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Electric Vehicle Batteries Cheaper Than Expected

Tesla Model S battery pack  © Tesla Motors
Tesla Model S battery pack
© Tesla Motors

One of the biggest things holding back sales of electric vehicles is the price of the battery.  Sure, you save money on gas and maintenance in the long run, but the price is still not something to sneeze at, even after subsidies and all.

But there is hope – battery prices are falling, and they are doing so faster than one can say “supercalifragilisticexpialidocious.”

A study published in Nature Climate Change used the learning curve theory to estimate the cost per kWh and published data.  An estimate made by the International Energy Agency (IEA) two years ago said that the cost per kilowatt-hour of batteries in 2020 will be US$300/kWh.  The study found that market leaders Tesla and Nissan Motors have already reached this milestone late last year.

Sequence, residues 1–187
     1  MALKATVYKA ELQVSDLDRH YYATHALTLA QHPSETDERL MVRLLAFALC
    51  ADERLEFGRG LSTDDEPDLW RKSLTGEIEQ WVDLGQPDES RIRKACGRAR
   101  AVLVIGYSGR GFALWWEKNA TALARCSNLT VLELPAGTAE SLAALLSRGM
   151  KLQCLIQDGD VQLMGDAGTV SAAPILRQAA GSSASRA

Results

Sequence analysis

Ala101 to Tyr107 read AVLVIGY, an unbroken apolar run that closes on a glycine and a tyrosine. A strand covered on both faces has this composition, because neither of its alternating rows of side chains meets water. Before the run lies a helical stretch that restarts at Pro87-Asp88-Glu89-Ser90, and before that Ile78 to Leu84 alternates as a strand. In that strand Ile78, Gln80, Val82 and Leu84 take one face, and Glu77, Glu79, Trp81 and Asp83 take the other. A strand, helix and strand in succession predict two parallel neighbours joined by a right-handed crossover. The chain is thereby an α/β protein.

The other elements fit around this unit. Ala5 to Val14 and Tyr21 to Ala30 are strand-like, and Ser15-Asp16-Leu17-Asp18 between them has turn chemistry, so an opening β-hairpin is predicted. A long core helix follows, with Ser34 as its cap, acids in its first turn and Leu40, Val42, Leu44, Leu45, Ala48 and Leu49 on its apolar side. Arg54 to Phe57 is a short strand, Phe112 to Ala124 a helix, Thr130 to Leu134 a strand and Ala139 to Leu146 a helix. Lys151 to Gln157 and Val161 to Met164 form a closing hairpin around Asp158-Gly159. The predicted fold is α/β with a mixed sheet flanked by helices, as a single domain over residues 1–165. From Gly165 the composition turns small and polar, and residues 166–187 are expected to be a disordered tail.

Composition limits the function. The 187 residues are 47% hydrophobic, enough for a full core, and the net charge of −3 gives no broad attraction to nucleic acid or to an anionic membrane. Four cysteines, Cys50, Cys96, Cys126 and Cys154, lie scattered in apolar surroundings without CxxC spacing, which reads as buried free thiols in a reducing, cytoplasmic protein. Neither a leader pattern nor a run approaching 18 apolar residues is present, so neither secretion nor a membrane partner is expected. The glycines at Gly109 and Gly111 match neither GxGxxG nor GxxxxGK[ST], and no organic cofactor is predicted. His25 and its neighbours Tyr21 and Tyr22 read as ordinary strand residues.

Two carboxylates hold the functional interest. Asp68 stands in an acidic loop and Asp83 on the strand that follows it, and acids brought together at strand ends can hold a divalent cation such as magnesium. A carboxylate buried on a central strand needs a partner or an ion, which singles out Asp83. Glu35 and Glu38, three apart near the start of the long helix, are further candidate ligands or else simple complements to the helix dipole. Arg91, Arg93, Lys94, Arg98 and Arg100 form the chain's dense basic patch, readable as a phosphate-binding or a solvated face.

And things are bound to get even better. The reduction in Lithium Ion battery cost was found to be between 6 to 9% for every cumulative doubling of production, in line with previous studies.  This means with the massive adoption of Lithium ion batteries in the car industry, we will see the cumulative doubling of production accelerate tremendously, resulting in huge drops in prices.

As it is, the cost of market leaders is already way lower than reported previously.  As Panasonic co-locates in Tesla’s Gigafactory in Nevada, we can see even more collaboration that would accelerate the learning curve, take advantage of economies of scale, and result in even more price drops.

We hope that this happens sooner, than later.  Costs need to drop to less than US$150/kWh to see better adoption in the US, and to US$100/kWh for EVs to achieve cost parity with their internal-combustion counterparts.

But then, hope springs eternal.  With the Gigafactory opening in 2016 and Volkswagen making the push for solid state batteries, we will probably see even more exciting developments in battery electric vehicle technology in the next few months.

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